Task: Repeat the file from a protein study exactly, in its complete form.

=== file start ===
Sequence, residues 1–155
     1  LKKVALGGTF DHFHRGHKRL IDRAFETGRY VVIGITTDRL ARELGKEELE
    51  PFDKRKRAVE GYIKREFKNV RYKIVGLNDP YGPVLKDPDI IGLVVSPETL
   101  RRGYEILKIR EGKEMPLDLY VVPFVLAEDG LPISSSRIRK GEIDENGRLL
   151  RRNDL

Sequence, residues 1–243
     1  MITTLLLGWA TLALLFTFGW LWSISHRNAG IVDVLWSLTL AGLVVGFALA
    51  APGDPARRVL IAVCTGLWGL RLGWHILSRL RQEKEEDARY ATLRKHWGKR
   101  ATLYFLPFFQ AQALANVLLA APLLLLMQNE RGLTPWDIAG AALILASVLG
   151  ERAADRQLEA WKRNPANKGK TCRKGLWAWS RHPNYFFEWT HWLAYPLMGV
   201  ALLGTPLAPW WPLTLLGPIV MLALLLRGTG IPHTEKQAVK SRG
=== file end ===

Sequence, residues 1–155
     1  LKKVALGGTF DHFHRGHKRL IDRAFETGRY VVIGITTDRL ARELGKEELE
    51  PFDKRKRAVE GYIKREFKNV RYKIVGLNDP YGPVLKDPDI IGLVVSPETL
   101  RRGYEILKIR EGKEMPLDLY VVPFVLAEDG LPISSSRIRK GEIDENGRLL
   151  RRNDL

Sequence, residues 1–243
     1  MITTLLLGWA TLALLFTFGW LWSISHRNAG IVDVLWSLTL AGLVVGFALA
    51  APGDPARRVL IAVCTGLWGL RLGWHILSRL RQEKEEDARY ATLRKHWGKR
   101  ATLYFLPFFQ AQALANVLLA APLLLLMQNE RGLTPWDIAG AALILASVLG
   151  ERAADRQLEA WKRNPANKGK TCRKGLWAWS RHPNYFFEWT HWLAYPLMGV
   201  ALLGTPLAPW WPLTLLGPIV MLALLLRGTG IPHTEKQAVK SRG